My app creates mails with attachments, and uses an intent with Intent.ACTION_SEND to launch a mail app.

It works with all the mail apps I tested with, except for the new Gmail 5.0 (it works with Gmail 4.9), where the mail opens without attachment, showing the error: "Permission denied for the attachment".

There are no useful messages from Gmail on logcat. I only tested Gmail 5.0 on Android KitKat, but on multiple devices.

I create the file for the attachment like this:

String fileName = "file-name_something_like_this";
FileOutputStream output = context.openFileOutput(
        fileName, Context.MODE_WORLD_READABLE);

// Write data to output...

File fileToSend = new File(context.getFilesDir(), fileName);

I'm aware of the security concerns with MODE_WORLD_READABLE.

I send the intent like this:

public static void compose(
        Context context,
        String address,
        String subject,
        String body,
        File attachment) {

    Intent emailIntent = new Intent(Intent.ACTION_SEND);
            Intent.EXTRA_EMAIL, new String[] { address });
    emailIntent.putExtra(Intent.EXTRA_SUBJECT, subject);
    emailIntent.putExtra(Intent.EXTRA_TEXT, body);


    Intent chooser = Intent.createChooser(


Is there anything I do wrong when creating the file or sending the intent? Is there a better way to start a mail app with attachment? Alternatively - has someone encountered this problem and found a workaround for it?


  • @nobalG that has nothing to do with this issue.
    – Rolf ツ
    Nov 12, 2014 at 9:27
  • 1
    I also experienced this issue and it seems the location of the attachment has something to do with the issue because sharing a attachment from the sd-card still works. (Al tough this should not matter because of the WORLD_READABLE flag) Could this be a bug?
    – Rolf ツ
    Nov 12, 2014 at 9:28
  • Same issue here... I can still use ACTION_SEND to send files to Google Drive, but when I select GMail (with the new version) it fails like you saw. No problem with the same code on previous versions of GMail.
    – Wookie
    Nov 13, 2014 at 20:33
  • Ran into same issue while working on share a local PDF file. Found this solution to get a basic FileProvider setup going using a minimal github example project: stackoverflow.com/a/48103567/2162226 , where adding and sending an attachment is part of the code there . It provides steps for which files to copy over (without making changes) into a local standalone project
    – Gene Bo
    Jan 4, 2018 at 21:38

9 Answers 9


I was able to pass a screenshot .jpeg file from my app to GMail 5.0 through an Intent. The key was in this answer.

Everything I have from @natasky 's code is nearly identical but instead, I have the file's directory as


Which "represents the external storage directory where you should save cache files" (documentation)

  • This fixed my problem. After changing to startActivityForResult, I was getting an error in Gmail to the effect of "unable to attach an empty file" even though I could verify the file was not empty. The issue was that I was creating the file in the "getCacheDir()" directory. Changing to "getExternalCacheDir()" resulted in a successful attachment! Nov 19, 2015 at 18:14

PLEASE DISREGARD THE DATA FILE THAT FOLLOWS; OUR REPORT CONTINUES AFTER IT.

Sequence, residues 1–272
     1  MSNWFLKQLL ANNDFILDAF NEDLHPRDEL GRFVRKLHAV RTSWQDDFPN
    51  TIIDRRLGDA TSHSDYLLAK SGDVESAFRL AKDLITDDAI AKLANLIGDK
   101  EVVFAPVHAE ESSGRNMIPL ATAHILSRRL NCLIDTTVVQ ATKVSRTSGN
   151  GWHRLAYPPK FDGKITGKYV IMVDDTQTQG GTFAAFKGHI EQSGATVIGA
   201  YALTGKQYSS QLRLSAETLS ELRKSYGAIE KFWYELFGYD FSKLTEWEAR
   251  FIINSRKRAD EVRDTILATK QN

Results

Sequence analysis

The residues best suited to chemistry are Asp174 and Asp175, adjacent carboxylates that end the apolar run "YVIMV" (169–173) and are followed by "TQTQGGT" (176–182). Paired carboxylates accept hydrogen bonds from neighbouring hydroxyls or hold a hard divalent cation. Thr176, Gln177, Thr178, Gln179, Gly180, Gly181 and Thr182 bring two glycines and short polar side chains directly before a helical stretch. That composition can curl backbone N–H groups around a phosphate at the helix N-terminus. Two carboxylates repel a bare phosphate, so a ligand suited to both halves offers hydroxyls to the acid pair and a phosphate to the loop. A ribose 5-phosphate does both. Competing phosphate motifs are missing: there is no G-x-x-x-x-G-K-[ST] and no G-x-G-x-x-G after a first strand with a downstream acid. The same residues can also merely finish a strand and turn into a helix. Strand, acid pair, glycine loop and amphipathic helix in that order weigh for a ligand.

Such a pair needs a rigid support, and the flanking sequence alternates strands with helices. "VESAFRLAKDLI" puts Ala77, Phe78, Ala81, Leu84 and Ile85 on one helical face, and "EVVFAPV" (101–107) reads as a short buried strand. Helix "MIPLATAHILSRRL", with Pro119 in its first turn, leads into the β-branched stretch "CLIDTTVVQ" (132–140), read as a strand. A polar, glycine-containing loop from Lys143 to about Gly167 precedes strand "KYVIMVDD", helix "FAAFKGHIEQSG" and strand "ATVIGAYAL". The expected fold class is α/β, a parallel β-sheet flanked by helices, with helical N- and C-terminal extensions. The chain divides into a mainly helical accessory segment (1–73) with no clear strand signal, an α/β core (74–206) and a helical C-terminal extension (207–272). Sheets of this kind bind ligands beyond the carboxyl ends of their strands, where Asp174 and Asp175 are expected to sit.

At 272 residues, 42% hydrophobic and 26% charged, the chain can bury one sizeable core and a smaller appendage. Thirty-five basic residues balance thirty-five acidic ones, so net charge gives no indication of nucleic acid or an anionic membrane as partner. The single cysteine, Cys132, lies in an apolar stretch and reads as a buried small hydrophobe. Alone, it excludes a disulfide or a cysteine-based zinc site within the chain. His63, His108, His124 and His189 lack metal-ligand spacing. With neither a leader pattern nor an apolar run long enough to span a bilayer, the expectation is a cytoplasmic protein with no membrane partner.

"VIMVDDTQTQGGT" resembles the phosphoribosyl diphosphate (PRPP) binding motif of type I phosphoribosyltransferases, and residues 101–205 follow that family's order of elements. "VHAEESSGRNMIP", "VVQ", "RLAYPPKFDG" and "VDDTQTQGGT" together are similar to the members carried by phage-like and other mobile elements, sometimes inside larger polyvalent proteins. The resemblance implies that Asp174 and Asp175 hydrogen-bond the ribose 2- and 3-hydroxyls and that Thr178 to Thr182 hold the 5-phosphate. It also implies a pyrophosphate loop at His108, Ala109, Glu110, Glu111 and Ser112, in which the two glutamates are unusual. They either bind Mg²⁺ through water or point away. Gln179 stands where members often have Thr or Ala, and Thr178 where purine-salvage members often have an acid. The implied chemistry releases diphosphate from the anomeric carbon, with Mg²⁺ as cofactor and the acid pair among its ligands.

• Thanks a lot, apparently this was the key to make it work in my app.
    – janos
    May 5, 2016 at 9:41
  • 3
    This did it for me. I was actually using File.createTempFile, which accepts a third parameter for the location. I passed activity.getExternalCacheDir() for that third parameter and everything worked beautifully. Thanks! May 17, 2016 at 16:06

GMail 5.0 added some security checks to attachments it receives from an Intent. These are unrelated to unix permissions, so the fact that the file is readable doesn't matter.

When the attachment Uri is a file://, it'll only accept files from external storage, the private directory of gmail itself, or world-readable files from the private data directory of the calling app.

The problem with this security check is that it relies on gmail being able to find the caller app, which is only reliable when the caller has asked for result. In your code above, you do not ask for result and therefore gmail does not know who the caller is, and rejects your file.

Since it worked for you in 4.9 but not in 5.0, you know it's not a unix permission problem, so the reason must be the new checks.

TL;DR answer: replace startActivity with startActivityForResult.

Or better yet, use a content provider.

  • Thank you, using startActivityForResult allows GMail to create the mail but it is not able to send it: libcore.io.ErrnoException: open failed: EACCES (Permission denied) at libcore.io.Posix.open(Native Method). I am creating attachment files via final File tempImage = File.createTempFile("image", ".jpg"); Jan 7, 2015 at 12:07
  • 7
    i still get a permission denied toast when i try this. maybe content provider is the only way to go
    – David T.
    Jan 8, 2015 at 1:49
  • In this case it really is a file permission issue. createTempFile creates a file that is only readable by the uid that created it. Not the issue described in this page. The problem described in this page is that the file was world-readable but gmail refused to read it due to its internal checks, and that's what startActivityForResult solves. But if your file isn't readable by gmail, you need to take care of that separately.